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by David on March 2, 2020

Bitcoin Has A Serious Energy Problem

Over the years, Bitcoin has seen amazing growth. Starting from just a few cents, to a value of nearly $20,000 not that long ago. As a result, Bitcoin mining has seen large growth as well, but this comes at a cost.

In 2019, $5.4 billion worth of bitcoin was attained thanks to mining, an industry that is constantly growing. To be able to mine this quantity of Bitcoin, a large amount of resources are needed.

Alex DeVries, a blockchain expert at accounting firm PriceWaterhouseCoopers, believes that large amounts of e-waste will be produced by the outdated mining equipment. Statistically speaking, Alex believes that 98 percent of equipment become redundant just after a year and a half.

Alex DeVries has also gone ahead and created Digiconomist, a website used to track Bitcoin’s energy consumption. According to his findings, Bitcoin generates the same amount of e-waste as Luxembourg, a country with a population of over 600,000 people.

DeVries also commented on the matter, stating that the average lifetime of a bitcoin mining machine was so low (one and a half years) because we are constantly developing new generations of machines, which are far superior in doing the required calculations.

It’s important to mention the fact that in Bitcoin mining, countless of machines are competing against each other for rewards. Alex DeVries describes it as a massive lottery where every 10 minutes one gets lucky and gets to produce the next block.

He uses this description of the mining process to put further emphasis on the fact that 98 percent of the devices during their lifetimes of making calculations get no rewards, leading to energy consumption, head production and finally, at the end of their short life-cycle, fruitless e-waste.

These pointlessly running machines are estimated to require 77.78 terawatt-hours, which is easily comparable to the entire electrical consumption of the nation of Chile.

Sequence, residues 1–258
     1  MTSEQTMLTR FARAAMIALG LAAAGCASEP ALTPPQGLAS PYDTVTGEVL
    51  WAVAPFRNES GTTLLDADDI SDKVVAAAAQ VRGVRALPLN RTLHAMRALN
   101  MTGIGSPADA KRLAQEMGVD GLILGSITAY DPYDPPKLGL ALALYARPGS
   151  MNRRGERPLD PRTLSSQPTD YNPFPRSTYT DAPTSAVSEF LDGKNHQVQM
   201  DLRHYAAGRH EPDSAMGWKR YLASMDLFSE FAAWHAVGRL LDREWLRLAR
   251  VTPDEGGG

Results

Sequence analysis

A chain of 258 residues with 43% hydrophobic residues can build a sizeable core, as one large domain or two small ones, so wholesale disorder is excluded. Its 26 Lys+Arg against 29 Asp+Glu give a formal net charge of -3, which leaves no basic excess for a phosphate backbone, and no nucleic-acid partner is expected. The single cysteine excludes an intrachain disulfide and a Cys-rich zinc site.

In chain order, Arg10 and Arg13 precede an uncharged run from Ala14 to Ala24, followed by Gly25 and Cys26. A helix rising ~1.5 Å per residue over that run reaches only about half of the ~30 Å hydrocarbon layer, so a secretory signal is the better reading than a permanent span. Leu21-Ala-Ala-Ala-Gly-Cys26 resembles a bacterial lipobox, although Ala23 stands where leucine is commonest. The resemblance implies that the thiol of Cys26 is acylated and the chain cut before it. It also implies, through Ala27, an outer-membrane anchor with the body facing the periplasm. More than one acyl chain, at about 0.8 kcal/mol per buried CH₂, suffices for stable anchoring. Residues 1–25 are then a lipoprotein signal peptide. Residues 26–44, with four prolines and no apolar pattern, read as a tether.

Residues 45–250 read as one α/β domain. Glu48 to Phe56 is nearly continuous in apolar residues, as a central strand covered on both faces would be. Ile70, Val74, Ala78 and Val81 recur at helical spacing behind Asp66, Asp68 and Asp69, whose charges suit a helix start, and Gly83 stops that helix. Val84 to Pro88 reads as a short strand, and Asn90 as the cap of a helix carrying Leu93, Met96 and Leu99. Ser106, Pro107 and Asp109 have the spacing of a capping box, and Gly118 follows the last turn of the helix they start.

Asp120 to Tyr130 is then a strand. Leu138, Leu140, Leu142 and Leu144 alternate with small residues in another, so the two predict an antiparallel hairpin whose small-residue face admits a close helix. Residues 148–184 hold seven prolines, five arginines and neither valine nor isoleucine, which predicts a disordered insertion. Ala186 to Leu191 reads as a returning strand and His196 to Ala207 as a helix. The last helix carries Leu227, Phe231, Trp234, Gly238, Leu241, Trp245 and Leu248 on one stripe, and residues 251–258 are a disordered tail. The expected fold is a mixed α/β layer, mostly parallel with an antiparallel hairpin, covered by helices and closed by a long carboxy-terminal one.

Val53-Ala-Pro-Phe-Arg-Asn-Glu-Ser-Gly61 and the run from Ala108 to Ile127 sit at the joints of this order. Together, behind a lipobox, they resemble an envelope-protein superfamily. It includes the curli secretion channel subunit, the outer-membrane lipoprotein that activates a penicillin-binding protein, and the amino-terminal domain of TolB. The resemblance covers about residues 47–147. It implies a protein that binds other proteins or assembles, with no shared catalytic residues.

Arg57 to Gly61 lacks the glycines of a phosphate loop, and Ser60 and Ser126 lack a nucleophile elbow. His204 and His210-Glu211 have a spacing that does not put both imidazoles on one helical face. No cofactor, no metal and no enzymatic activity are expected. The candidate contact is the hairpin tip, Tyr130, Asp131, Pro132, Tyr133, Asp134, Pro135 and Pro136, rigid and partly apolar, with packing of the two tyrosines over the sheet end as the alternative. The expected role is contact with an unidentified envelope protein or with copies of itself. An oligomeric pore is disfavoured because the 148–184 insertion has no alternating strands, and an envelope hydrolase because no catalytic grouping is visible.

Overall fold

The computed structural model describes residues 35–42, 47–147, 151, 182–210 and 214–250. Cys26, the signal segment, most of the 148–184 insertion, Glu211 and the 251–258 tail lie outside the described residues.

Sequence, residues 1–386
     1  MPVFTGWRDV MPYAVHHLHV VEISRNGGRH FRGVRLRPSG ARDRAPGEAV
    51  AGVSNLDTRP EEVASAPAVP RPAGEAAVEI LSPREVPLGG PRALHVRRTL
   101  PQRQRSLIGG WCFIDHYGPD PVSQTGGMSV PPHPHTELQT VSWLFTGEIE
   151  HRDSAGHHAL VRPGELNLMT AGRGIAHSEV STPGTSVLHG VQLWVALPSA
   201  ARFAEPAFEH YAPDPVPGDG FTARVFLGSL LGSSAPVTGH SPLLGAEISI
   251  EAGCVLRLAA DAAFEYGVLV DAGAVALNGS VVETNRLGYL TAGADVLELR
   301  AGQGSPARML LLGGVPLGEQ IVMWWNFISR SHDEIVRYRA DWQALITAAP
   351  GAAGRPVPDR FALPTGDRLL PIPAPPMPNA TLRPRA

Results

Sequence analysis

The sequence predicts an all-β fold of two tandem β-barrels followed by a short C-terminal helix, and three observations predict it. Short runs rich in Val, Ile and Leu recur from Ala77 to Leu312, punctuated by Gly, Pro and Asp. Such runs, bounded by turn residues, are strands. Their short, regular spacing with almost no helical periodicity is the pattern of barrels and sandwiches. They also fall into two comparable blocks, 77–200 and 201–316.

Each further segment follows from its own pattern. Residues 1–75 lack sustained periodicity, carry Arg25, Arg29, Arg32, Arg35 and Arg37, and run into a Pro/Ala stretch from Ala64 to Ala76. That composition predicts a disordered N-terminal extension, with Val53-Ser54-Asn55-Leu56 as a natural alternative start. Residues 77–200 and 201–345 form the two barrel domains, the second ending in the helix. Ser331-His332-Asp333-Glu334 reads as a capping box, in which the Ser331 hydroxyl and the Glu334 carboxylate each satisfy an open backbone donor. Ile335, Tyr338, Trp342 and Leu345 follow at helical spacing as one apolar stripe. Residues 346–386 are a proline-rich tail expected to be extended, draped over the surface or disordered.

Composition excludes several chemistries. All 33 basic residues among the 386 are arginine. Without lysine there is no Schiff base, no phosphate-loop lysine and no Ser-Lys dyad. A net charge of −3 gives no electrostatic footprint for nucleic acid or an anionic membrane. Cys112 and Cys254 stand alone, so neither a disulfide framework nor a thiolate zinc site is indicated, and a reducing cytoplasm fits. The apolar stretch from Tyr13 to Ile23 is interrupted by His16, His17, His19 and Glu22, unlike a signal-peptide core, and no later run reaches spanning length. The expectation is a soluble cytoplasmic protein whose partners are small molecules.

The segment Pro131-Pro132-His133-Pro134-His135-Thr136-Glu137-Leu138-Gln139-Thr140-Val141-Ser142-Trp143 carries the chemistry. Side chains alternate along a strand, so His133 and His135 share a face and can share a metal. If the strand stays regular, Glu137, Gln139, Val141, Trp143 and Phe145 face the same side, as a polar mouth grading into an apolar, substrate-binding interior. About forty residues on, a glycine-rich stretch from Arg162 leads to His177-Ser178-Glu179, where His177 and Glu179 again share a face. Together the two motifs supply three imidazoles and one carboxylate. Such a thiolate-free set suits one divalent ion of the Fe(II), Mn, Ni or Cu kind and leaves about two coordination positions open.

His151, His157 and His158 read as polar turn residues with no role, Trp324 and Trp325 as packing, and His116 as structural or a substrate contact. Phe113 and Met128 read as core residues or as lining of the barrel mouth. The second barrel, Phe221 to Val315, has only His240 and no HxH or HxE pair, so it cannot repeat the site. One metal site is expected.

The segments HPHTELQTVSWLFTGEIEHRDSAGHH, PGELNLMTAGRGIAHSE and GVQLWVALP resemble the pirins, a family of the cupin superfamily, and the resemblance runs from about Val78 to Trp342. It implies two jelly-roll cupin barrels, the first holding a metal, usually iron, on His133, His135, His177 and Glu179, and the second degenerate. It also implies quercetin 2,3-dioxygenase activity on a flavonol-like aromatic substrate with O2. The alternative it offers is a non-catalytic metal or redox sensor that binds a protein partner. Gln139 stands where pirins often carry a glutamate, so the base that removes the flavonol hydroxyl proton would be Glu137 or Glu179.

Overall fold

While the carbon footprint of these activities is estimated to be approximately 36.95 Mt, comparable to the carbon footprint of New Zealand.

The University of Cambridge has also stepped in and commented regarding the situation, stating that the Bitcoin networks use more energy than the entire nation of Switzerland, a country with a population of nearly 9 million.

How to remedy the situation?

While there certainly are people that argue in favor is stopping the use of the Bitcoin network altogether, this wouldn’t be a practical solution.

Some are arguing for innovation and policy decisions that could lessen the environmental damage caused by Bitcoin mining machines.

But it’s important to keep in mind that there are underlying benefits to Bitcoin mining as well, something that Jon Turby, a researcher at Qatar Univesity, addresses by saying that the blockchain technology is capable of delivering social, as well as environmental, benefits under the United Nations Sustainable Development Goals.

As a result, Jon Turby advocates for encouraging a shift to less energy-intensive blockchain technology instead.

One of the ways of reducing energy consumption amongst blockchain networks is by switching from Proof-of-Work (PoW) consensus mechanisms to Proof-of-Stake consensus mechanisms, or even mixed mechanisms that utilize the elements of both PoW and PoS.

Some blockchains networks, like Ethereum and Decred, have already made efforts to make these switches.


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